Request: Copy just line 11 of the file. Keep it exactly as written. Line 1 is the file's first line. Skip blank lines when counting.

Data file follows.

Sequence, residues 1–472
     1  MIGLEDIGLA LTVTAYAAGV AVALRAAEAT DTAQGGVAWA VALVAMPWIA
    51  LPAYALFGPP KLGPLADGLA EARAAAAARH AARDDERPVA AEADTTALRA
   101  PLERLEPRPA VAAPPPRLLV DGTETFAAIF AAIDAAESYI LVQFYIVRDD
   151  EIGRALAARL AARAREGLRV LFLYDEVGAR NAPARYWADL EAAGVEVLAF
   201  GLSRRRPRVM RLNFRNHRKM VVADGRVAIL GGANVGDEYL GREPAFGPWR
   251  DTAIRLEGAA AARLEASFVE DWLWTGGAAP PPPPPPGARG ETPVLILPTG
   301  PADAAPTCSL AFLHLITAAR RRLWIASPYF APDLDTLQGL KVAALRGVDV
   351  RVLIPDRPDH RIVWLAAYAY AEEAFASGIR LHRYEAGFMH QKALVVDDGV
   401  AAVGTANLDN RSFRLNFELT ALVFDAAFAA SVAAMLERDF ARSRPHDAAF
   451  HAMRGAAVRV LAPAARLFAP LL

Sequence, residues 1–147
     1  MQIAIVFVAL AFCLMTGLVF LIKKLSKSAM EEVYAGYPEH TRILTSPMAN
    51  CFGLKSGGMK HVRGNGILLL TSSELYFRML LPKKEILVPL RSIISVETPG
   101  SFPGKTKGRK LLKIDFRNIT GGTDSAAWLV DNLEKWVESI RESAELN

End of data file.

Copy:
   451  HAMRGAAVRV LAPAARLFAP LL